Wednesday, March 29, 2006

And promises to keep

Fascinating interview with Gary Hart this morning on Democracy Now! Did you know that, until the Church Committee started looking into COINTELPRO, Congress had never exercised any oversight of the CIA or the FBI?


Which explains why:

Basically, what the country is going through now is a rerun of what happened during periods of the Vietnam War, in which largely the Nixon administration undertook illegal activities to place American citizens under surveillance and accuse them of unpatriotic conduct, and justifying support for the war -- using support for the war as a justification for violation of constitutional rights and liberties. So, what's happening now is a rerun of history, in effect.
There is no cultural basis, no tradition, for this kind of oversight. But let's put that committee in context:

There had never been genuine congressional oversight of the intelligence community in the United States since the C.I.A. was formed in 1947. By and large, members of Congress did not want to know what was going on. When press leaks of unconstitutional behavior on the part of the administration occurred, there was public demand for some kind of investigation. That's what led to our committee.

We had eleven members -- six Democrats, five Republicans -- including the late Barry Goldwater and others, and we began a unique undertaking which was to try to find out what the C.I.A. and the F.B.I. and N.S.A. and others were up to. And it was during that that the most startling revelations had to do with our efforts to assassinate foreign leaders, particularly Fidel Castro, over two or three administrations, and this massive scheme to surveil American citizens.
The members were Goldwater, John Tower, Frank Church, Gary Hart, Philip Hart, Walter Mondale. Try to imagine a similiar committee today. Tower and Goldwater were certainly not "liberals" in their day. But try to imagine who would do what they did, today. Try to imagine members of both parties concerned enough about governmental activity and restrictions on governmental power. And this was in 1975. Gerald Ford was President.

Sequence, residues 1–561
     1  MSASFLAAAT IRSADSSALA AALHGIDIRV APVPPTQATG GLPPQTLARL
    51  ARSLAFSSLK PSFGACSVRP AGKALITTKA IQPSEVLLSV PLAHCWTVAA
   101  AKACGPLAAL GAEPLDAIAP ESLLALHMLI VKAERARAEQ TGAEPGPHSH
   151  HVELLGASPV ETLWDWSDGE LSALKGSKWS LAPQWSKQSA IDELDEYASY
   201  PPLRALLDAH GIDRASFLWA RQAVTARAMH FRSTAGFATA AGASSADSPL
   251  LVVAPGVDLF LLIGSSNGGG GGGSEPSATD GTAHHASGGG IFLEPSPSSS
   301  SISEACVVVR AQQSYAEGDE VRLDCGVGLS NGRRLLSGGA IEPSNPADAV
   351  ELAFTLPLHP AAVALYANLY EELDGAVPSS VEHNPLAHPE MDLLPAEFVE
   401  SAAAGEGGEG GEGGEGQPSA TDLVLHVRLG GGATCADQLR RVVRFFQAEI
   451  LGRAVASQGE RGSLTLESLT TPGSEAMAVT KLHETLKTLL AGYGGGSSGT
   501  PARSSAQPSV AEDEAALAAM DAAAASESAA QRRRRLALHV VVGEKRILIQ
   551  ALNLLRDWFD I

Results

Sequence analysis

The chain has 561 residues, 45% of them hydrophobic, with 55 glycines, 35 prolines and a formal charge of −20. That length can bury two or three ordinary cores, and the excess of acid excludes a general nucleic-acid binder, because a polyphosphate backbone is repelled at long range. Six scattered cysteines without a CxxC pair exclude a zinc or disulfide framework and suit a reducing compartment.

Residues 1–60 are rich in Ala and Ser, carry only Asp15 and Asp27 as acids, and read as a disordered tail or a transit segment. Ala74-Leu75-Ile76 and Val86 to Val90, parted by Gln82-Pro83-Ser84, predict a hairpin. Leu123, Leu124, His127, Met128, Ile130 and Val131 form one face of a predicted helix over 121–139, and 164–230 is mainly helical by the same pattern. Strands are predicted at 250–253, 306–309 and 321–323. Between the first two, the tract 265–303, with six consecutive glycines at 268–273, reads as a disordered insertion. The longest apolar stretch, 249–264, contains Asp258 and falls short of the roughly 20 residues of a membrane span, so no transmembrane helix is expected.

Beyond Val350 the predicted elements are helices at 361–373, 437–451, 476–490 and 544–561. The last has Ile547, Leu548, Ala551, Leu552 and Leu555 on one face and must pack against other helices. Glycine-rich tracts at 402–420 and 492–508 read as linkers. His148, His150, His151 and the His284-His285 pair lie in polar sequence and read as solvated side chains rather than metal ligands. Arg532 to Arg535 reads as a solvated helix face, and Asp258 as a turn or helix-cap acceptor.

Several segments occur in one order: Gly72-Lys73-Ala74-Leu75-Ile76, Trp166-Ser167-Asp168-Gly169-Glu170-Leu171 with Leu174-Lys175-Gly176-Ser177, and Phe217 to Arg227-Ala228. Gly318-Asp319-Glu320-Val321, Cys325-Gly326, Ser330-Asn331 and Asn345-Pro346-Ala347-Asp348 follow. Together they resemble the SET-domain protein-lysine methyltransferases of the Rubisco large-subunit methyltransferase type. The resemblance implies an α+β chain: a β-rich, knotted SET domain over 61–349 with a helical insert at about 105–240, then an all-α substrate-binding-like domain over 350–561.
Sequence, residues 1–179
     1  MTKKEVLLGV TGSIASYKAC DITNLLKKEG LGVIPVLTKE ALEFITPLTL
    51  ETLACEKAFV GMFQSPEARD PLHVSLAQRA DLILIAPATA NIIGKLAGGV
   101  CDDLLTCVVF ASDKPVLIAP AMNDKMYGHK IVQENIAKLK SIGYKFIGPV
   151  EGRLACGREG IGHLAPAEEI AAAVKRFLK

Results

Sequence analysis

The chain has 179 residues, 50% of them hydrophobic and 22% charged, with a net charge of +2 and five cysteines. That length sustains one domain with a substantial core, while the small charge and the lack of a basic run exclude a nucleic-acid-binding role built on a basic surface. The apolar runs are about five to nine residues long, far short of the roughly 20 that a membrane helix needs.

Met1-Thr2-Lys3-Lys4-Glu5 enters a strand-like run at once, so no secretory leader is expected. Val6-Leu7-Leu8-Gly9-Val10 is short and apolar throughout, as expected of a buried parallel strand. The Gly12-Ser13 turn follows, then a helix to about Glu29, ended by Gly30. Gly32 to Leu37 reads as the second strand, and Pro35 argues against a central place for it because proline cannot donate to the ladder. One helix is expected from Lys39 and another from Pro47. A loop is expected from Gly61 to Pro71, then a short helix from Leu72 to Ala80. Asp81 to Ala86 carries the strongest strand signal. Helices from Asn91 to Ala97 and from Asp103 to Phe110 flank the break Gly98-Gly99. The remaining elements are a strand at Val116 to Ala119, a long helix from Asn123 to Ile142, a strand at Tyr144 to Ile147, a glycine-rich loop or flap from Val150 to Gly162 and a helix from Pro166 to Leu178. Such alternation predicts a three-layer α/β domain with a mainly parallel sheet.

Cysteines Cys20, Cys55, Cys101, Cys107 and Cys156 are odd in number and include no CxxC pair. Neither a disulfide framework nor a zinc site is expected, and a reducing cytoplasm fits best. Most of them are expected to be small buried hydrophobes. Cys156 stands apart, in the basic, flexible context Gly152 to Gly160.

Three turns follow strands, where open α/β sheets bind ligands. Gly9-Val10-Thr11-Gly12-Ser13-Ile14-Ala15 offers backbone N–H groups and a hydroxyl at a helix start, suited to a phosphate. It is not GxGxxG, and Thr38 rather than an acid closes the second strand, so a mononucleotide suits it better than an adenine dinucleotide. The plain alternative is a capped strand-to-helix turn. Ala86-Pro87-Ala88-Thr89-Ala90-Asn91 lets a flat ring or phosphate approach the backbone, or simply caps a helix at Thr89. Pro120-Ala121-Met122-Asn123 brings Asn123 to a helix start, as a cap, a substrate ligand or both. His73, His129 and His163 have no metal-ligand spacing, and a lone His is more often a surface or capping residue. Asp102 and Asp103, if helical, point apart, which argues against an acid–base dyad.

As I say, there is no long history of Congressional oversight of intelligence activity. It goes back no further than 30 years, and began almost 30 years after the CIA was started. FISA came from the work of the Church Committee. The FISA court system is no older than that. It is no wonder the attempts at oversight now are so pathetic and wan. Even in an era dominated by partisan politics in a way we haven't seen in decades, it isn't in the culture of the Congress to look into what "intelligence agencies" are up to. Mostly, as Hart says, because Congress doesn't want to know. Like the public at large, they buy into the idea that there are dark things needed to "protect us," and the less we know about such things, the better (and safer) we will sleep. They, and the public, buy into the idea that government functions best when it has a "reasonable monopoly on violence." But that's the problem, isn't it? Government governs best which has the greatest monopoily on power over individuals, and that power need not be limited to violence in order to legitimate the government. After all, if it is only violence that is the standard, then only brutal rulers are truly legitimate. Surely government should have a right to a monopoly on certain kinds of power, the better to make life as comfortable as possible for those of us who do not run afoul of the government.

Surely? And if we grant government that right, isn't it better to remain chastely ignorant of what government must do in our name, in order to protect us from the projections of our own id? Welcome to reality as a Tom Clancy novel. Frankly, it was bound to come to this.

And so now we have COINTELPRO all over again. It's in the culture, in other words. Americans will always despise "big government," fed as we are on lies about "self-reliance" and "independent frontiersman" (who wouldn't have gone West if the gov't wasn't giving away land, offering military protection, and extending civilization, like railroads, out to them). And we will always look to government whenever we decide there might be monsters under the bed. Because one of the powers we seem determined to cede to government, is a reasonable monopoly on keeping the monsters, and the elephants, away.

So, as ever, we have miles to go before we sleep.

No comments:

Post a Comment